COLUMBIA, SC (WIS) - Some Midlands mothers of drug abuse victims are taking to the State House to rally for a new law against drug dealers. They want stricter consequences for drug dealers, to fight the opioid epidemic in South Carolina.
According to the Department of Alcohol and Other Drug Abuse Services (DAODAS), 616 people died from opioid overdoses in 2017. There have been efforts by lawmakers inside the State House to enact new policies to curb the crisis; there were 15 policies passed into law in the past two-year legislative session.
Included in some of the measures passed, is the law to gr ant limited immunity from prosecution to a drug user who calls for medical help for a co-user, and a seven day limit on pain pill prescriptions for patients.
Mothers who are planning an August rally at the State House say those 15 policies still aren't enough to save lives. Joan Singleton, Melissa Inabinet, and Kathy Ferrell are part of the group who want the dealer who sells the dose to be sentenced to 15 to 20 years in prison.
Melissa Inabinet is a Gaston mother and grandmother who wants a law to eventually go beyond that, to "clean up the streets" of dealers. She is organizing the rally.
"I think it should happen before that lethal dose comes out, because nobody should have to bury their baby like that," Inabinet said, and added, "we're losing our streets and our children to drug dealers."
Joan Singleton has a daughter who struggles with drug addiction. Because of that, Singleton cares for her 5-year-old grandson full time. She worries any phone call could be the devastating news no parent wants to hear.
"When my phone rings, any number that pops up, my heart skips a beat 'cause I'm scared that whoever is on the other end is going to tell me that my daughter is dead," Singleton told WIS-TV. She tearfully continued, "her son asks me all the time is his mom dead...and I've had him since he was [3 years old], full time."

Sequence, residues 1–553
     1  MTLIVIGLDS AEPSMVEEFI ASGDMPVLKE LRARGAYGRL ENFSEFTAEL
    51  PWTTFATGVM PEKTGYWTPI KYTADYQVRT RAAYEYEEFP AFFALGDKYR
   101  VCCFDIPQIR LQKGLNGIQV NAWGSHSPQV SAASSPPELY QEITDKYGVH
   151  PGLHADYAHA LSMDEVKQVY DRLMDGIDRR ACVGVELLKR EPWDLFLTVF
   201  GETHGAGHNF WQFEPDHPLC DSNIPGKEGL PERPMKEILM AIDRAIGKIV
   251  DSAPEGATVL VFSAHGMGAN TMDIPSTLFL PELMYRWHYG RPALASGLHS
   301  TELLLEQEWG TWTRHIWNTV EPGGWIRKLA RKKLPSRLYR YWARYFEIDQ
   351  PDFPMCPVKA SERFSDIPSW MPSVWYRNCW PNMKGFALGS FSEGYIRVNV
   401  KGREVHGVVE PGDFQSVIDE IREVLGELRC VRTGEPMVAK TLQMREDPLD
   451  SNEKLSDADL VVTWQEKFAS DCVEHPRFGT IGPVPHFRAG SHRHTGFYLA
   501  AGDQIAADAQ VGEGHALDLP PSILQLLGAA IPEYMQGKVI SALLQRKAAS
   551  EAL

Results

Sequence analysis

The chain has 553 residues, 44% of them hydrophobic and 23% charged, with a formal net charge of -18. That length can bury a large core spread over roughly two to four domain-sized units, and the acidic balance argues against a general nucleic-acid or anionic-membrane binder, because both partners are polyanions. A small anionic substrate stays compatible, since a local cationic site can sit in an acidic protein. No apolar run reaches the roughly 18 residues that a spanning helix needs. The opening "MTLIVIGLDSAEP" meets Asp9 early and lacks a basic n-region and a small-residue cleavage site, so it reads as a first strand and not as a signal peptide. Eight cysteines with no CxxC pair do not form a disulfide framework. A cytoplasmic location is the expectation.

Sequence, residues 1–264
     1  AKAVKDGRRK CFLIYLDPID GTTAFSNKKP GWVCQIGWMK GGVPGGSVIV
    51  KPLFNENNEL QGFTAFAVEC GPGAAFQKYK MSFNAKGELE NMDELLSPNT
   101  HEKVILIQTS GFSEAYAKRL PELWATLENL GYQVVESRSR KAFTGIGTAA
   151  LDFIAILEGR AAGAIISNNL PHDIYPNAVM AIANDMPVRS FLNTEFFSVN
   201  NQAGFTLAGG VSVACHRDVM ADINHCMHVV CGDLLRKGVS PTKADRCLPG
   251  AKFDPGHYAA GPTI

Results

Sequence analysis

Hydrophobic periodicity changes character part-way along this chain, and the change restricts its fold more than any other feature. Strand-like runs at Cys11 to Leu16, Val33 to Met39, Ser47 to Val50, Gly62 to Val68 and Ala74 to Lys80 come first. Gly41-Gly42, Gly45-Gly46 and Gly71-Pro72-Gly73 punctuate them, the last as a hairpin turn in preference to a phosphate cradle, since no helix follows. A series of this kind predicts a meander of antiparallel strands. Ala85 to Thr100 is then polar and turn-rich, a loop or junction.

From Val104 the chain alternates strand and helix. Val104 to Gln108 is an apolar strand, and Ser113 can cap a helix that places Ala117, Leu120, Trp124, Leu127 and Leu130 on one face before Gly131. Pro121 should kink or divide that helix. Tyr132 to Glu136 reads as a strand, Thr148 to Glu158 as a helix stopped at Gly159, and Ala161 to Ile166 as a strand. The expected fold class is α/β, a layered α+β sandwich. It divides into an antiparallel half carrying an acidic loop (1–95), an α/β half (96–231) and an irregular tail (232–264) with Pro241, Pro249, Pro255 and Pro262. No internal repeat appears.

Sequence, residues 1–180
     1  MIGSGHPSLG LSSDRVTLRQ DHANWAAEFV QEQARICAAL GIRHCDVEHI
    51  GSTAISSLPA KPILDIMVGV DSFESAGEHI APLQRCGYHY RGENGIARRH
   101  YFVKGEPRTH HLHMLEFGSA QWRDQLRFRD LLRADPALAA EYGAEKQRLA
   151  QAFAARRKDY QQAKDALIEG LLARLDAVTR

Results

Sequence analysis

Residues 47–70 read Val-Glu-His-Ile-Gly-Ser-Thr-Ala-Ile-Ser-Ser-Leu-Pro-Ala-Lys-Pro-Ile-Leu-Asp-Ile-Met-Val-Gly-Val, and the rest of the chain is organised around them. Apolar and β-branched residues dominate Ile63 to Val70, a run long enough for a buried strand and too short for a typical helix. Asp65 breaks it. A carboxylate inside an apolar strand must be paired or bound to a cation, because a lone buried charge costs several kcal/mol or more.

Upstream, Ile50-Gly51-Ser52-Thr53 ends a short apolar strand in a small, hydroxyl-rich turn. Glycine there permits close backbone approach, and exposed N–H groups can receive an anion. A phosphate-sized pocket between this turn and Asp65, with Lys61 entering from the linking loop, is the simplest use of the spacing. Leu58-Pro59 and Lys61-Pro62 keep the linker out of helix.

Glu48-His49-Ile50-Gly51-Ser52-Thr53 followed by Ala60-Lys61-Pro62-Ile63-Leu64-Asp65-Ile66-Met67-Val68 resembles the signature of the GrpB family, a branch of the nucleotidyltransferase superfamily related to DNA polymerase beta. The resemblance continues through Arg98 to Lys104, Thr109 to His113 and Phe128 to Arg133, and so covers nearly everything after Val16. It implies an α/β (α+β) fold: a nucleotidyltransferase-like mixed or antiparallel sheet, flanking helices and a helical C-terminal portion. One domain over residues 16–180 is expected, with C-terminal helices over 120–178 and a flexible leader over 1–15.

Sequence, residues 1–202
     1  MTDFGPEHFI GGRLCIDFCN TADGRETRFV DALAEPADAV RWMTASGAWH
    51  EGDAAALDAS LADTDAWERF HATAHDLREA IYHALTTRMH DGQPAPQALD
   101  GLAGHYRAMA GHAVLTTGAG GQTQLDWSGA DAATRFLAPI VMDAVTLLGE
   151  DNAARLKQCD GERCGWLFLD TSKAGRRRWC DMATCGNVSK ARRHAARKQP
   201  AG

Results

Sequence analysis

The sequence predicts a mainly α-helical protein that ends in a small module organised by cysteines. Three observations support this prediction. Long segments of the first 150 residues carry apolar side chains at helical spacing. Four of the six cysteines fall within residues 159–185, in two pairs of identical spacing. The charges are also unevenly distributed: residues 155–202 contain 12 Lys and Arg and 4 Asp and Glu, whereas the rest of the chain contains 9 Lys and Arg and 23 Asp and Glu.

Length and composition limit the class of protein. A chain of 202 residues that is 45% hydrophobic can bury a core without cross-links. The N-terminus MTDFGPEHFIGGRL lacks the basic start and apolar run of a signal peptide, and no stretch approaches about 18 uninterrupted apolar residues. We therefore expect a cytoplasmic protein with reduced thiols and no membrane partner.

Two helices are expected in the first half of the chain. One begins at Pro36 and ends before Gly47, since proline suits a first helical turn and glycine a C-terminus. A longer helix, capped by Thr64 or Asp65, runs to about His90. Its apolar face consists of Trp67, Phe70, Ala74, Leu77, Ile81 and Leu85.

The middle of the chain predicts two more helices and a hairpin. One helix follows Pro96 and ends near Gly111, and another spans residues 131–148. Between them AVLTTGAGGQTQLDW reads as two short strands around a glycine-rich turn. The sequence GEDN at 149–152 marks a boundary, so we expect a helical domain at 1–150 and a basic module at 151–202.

Singleton will participate in the rally. She also wants more access to addiction treatment.
Then, there's Kathy Ferrell. Ferrell's daughter died from a drug overdose in 2016, and left behind a young daughter and son. "It's been devastating. It's been something that I never want any mother to have to go through," Ferrell said. "We are fed up with the drug problem in our community and we want action."
"I need these drug dealers to know that we as parents aren't going to sit back anymore twiddling our thumbs," Singleton said.
Senate Bill S.83, sponsored by Sen. Greg Hembree (R-Horry) is the bill to enact a stricter sentence on drug dealers that never became law. Hembree says he will file it again because it was ultimately "watered down" in committee meetings in the end, changed into something he felt did no good.
In the House, Rep. Russell Fry (R- Horry) says he's worked on similar legislation and will also have another go at it; Fry says next year will be time for the opioid study committee to look into what type of law enforcement changes can be made to stop the dangerous opioid epidemic.